In terms of triumphs, the testimonials on our portfolio pages do a fine job of summing up our successes. We’ve taken e-commerce clients on and increased their profits by 400%, we’ve helped clients to reduce their dependence on Yellow Pages, and have helped small businesses to present themselves professionally. And, the great thing is, they are happy to write us little notes telling us this. To us, this is success: we’ve helped people.
In looking over your clients, you seem to work with some interesting niches like online guitar lessons, exotic teas, natural soaps, and custom pottery. How is internet marketing different when you deal with these types of projects?
Yes, niches are our niche! While we are not, per se, Internet Marketers, in terms of Local Search Marketing, the process is relatively similar for all types of businesses. What is different, in my opinion, is the content of what you promoting. Large companies struggle to speak with a friendly voice to the public. Small businesses tend to already have that friendly voice built into their model. I just help them to find it! Whether this comes into play in writing their business description in Maps, the content on their site and blog, or the scripts for their videos, marketing pretty much boils down to making the right connections with the right people in the right places.
You are an accomplished acrylic paintress (I think I just made up that word). How has this aided you in your online business?
It has helped with the visual aspects of doing website design. While function is the most important thing to me about any site we build, the handsomeness of a site is also key to a professional presentation. New clients come to us with no logo, no graphics, no idea of how they want to ‘look’. I can create all of this for them, from scratch, using on or offline media. I got to design the labeling for a complete line of children’s gardening seeds a few years ago for one client. Totally fun! I’ve done pen-and-ink work, painting and graphic design work for a ton of our clients over the years and I think the years I spent working as an artist prior to going into business with my husband have made all this seem natural to me. It’s just part of me to make things look good.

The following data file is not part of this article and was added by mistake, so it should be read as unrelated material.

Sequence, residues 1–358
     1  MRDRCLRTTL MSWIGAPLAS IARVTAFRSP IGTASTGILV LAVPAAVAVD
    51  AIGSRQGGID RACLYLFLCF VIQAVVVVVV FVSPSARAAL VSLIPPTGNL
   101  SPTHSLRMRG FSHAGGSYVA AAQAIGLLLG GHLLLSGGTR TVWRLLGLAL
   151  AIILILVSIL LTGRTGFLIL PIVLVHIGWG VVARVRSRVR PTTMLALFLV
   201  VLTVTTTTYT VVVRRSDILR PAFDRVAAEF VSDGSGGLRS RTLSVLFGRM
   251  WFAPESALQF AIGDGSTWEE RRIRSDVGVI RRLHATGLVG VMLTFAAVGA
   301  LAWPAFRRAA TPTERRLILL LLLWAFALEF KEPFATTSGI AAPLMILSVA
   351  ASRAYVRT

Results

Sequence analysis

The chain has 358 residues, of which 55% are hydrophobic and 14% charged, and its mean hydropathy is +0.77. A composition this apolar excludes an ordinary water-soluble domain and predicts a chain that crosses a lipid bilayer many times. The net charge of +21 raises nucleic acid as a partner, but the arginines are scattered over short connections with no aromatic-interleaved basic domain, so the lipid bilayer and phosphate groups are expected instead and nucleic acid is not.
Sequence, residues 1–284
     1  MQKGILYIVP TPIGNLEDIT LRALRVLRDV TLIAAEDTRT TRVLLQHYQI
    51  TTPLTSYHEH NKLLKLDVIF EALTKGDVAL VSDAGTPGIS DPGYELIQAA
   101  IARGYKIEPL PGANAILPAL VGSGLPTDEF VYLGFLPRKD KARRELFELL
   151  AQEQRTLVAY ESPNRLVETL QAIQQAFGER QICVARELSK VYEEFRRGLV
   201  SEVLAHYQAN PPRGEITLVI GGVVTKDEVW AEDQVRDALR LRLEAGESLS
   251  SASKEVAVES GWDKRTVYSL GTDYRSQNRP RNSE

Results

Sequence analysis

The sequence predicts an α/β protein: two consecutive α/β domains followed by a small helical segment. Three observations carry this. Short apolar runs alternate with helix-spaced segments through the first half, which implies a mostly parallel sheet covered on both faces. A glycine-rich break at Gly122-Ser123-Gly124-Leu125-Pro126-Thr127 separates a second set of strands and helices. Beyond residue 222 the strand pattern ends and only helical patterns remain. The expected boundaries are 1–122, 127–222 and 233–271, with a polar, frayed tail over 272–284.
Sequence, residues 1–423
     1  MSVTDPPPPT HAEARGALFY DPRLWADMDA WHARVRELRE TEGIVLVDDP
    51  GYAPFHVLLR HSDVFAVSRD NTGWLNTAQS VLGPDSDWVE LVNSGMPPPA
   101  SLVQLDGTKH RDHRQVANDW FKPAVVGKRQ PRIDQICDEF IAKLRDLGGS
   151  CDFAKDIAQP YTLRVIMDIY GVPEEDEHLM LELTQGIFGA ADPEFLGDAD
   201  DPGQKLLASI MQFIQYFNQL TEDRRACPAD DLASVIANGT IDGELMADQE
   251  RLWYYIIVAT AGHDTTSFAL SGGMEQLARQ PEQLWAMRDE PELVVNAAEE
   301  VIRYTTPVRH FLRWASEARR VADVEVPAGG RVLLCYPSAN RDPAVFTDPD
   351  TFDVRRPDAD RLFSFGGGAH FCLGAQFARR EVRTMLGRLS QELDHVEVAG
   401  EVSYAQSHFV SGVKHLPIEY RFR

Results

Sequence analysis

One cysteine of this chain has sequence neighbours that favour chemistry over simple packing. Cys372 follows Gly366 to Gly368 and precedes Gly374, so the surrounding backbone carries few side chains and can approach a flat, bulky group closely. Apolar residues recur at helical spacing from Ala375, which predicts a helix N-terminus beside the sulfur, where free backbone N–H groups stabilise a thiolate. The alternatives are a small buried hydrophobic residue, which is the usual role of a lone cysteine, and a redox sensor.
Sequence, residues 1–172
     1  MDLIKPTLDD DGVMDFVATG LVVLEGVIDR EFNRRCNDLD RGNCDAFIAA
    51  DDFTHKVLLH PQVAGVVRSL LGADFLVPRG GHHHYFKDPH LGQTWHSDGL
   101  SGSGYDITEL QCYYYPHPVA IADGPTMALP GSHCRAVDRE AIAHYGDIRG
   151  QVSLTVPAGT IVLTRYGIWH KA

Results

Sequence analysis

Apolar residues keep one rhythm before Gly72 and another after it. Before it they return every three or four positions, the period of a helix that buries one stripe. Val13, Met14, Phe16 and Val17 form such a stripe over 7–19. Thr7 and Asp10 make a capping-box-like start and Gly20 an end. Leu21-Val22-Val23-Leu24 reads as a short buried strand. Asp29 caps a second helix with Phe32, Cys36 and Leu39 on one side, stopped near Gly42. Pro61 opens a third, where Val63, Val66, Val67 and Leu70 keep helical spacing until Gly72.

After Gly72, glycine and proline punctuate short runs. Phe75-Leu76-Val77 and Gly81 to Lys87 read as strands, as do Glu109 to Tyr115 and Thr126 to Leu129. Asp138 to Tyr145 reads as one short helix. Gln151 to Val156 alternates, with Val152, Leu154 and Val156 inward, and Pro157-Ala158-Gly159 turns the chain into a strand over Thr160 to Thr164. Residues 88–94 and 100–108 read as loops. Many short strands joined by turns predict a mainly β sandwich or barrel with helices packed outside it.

Recently, you became a proud owner of a Nexus One, how has that been treating you?
I still am not quite over my initial excitement about this, Mike! I am still in the process of forming impressions about how the web looks when seen through the eyes of a mobile device. Some sites are a pleasure to use and others are a nightmare. This observation should help me in my next step – learning to design for mobile. I’m really looking forward to this. In the meantime, I just feel really cool going around with my Nexus and realizing that I can use it to call people, look up stuff, find things, no matter where I am. Pretty phenomenal.
What is your favorite, and least favorite, part about being a local seo consultant?
Favorite: Having clients come back and tell me that since I worked with them, they are getting more calls and more business. I love that!
Least Favorite: Dealing with the vagaries of monopolistic web entities (okay, I’m talking about Google) on behalf of small business owners. The practice of Local often involves taking Mom & Pop into the big business world, and having to deal with life-altering policies, bugs and an overall lack of accountability and transparency makes my work a bit stressful. When doing web design, I am fully accountable for the end product. When doing Local Search Marketing, Google, Yelp, CitySearch, somebody else holds the keys. I can’t vouch for what will happen and I’d love to see the day when I can. It would be a more confident situation for everyone involved.
What do you do in your free time…if you have any?